Turn the dough out onto a lightly floured work surface. With floured hands, gently press down on the dough with the palm of one hand and push it away from you. The dough will stretch into an oval shape. Lift the far end of the oval and fold it back over onto itself (back toward you). Give the dough a quarter turn and press and push it away again. Repeat these steps about 8 to 10 times, using a light hand. If the dough sticks to your hands or to the board, lightly sprinkle on a little more flour. When you have finished kneading, pat the dough out evenly into a 1/2-inch thick rough circle. Cut out rounds with a floured 2- to 2 1/2-inch biscuit cutter, pressing straight down without twisting, which causes the layers of the biscuits to stick, diminishing the rise and flakiness. Gather up the dough scraps, pat together, and cut out more rounds.
Arrange the rounds on an ungreased baking sheet about 1-inch apart for crusty-sided biscuits, or almost touching for soft ones. (Personally, I prefer the sides of most biscuits to be rather soft, so to keep the sides from overbrowning, I generally space them about 1/2-inch apart.) Bake in the upper third of the oven for 12 to 15 minutes, or until they are lightly browned and golden all around (not white or creamy, or the inside will be doughy). Remove biscuits from oven and let them sit for about 2 to 3 minutes to cool just slightly before serving. They're best eaten still warm from the oven, while the buttery flakiness is at its peak.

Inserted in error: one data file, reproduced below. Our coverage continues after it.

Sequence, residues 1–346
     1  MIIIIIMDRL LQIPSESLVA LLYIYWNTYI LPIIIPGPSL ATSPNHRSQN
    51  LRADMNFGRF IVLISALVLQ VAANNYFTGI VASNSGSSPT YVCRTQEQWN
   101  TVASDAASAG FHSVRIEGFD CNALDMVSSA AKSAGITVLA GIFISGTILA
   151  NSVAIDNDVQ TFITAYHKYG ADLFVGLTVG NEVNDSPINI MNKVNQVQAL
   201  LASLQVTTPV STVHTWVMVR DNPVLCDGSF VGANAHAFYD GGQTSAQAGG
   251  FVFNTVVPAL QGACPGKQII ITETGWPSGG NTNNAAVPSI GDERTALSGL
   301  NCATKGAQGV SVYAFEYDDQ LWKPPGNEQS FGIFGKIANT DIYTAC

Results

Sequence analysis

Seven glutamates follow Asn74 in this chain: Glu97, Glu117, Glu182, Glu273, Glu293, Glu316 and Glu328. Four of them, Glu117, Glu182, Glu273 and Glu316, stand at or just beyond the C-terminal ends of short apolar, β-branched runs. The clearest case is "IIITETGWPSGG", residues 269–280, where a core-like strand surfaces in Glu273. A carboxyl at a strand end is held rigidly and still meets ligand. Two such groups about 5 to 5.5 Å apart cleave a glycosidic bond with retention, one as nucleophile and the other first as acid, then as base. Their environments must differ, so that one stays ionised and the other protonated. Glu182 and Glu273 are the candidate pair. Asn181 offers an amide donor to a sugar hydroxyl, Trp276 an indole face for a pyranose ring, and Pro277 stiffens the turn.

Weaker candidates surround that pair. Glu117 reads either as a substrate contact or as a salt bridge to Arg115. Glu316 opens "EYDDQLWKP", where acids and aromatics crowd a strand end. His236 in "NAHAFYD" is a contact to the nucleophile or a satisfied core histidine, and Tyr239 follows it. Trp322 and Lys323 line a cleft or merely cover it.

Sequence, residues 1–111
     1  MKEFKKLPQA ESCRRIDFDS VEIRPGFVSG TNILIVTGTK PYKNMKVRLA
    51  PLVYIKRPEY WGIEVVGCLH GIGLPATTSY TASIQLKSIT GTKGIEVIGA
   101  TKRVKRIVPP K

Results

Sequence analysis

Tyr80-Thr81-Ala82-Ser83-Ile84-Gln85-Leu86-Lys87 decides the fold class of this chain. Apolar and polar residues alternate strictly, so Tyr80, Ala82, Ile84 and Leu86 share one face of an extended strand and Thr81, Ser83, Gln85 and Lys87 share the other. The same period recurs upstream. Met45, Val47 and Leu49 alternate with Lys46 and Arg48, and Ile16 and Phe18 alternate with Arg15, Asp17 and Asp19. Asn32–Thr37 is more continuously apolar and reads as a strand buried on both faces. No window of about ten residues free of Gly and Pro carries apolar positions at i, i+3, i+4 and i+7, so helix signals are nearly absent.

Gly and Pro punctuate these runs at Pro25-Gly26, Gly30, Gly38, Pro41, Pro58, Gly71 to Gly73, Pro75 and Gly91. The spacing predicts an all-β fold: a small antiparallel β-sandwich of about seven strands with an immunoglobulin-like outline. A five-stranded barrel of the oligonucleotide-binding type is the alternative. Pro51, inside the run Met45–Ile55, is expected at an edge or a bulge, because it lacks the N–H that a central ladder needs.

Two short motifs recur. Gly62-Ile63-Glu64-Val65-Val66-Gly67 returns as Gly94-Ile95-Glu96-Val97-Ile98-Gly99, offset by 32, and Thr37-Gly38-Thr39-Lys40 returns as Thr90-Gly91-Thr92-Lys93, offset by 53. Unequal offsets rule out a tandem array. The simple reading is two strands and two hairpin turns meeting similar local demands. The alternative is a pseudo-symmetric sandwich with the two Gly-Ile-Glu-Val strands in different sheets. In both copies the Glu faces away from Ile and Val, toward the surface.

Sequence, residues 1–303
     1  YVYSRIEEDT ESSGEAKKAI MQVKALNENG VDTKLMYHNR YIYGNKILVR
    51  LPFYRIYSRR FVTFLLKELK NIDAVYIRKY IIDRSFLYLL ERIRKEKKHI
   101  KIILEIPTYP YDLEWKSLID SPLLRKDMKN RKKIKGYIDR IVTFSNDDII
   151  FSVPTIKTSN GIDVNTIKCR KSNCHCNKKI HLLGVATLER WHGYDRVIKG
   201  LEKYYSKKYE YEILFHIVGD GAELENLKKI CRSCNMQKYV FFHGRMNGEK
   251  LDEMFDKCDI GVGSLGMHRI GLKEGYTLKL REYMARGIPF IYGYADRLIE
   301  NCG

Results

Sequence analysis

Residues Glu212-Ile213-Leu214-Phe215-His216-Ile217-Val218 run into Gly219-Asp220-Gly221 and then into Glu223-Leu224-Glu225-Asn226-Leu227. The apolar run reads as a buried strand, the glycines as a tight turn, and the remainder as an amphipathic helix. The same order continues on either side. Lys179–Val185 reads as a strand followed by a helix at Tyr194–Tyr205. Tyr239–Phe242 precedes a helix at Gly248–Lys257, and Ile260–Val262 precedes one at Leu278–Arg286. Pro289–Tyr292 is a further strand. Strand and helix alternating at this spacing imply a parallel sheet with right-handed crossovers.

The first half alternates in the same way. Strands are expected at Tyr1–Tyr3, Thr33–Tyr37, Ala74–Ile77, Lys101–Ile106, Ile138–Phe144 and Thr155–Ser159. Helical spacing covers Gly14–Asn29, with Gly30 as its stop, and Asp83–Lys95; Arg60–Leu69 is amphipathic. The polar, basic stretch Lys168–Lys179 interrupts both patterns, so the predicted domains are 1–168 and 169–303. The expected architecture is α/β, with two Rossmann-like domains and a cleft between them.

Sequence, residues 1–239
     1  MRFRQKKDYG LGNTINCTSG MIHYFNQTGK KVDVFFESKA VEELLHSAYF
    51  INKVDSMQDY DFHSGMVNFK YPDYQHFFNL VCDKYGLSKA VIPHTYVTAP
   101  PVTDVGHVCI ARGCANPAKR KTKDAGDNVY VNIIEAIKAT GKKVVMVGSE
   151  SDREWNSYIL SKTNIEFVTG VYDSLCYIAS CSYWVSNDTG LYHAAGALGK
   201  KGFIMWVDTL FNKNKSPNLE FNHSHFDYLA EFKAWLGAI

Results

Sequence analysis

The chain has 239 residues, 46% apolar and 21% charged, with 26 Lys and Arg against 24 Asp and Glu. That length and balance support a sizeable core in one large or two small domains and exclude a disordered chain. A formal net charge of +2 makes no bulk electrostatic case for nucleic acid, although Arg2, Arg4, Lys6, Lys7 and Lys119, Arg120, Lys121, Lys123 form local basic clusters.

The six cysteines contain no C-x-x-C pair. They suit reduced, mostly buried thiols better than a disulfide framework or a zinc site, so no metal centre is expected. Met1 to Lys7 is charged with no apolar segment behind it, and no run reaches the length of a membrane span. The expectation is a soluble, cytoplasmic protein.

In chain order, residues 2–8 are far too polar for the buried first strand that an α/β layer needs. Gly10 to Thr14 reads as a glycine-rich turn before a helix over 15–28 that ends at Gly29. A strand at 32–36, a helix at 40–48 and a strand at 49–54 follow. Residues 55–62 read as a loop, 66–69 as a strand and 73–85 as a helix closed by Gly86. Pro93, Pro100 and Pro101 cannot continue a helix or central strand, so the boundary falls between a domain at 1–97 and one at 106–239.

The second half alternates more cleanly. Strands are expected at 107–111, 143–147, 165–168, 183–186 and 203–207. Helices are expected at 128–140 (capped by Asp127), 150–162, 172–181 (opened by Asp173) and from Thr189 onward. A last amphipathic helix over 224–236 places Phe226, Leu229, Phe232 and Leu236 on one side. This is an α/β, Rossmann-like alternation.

Makes about 12 large (2 1/2-inch) biscuits, or 16 small (2-inch) biscuits.
For me, leftover biscuits are not all that good reheated...however, when they're split open with a fork, buttered and toasted, they're utterly delicious and almost (mind you, I said almost) as good as freshly baked ones. Biscuits stored in airtight plastic bags will keep well when refrigerated for about four days, or frozen for up to a month.
Tips for Successful Biscuits
Some simple rules for perfect biscuits are to use the right flour, keep the dough moist, and to handled the dough as little as possible to prevent toughness minimum stirring of ingredients, lightly kneading the dough no more than necessary, and gently rolling or patting it out...a light hand makes a flaky, airy biscuit.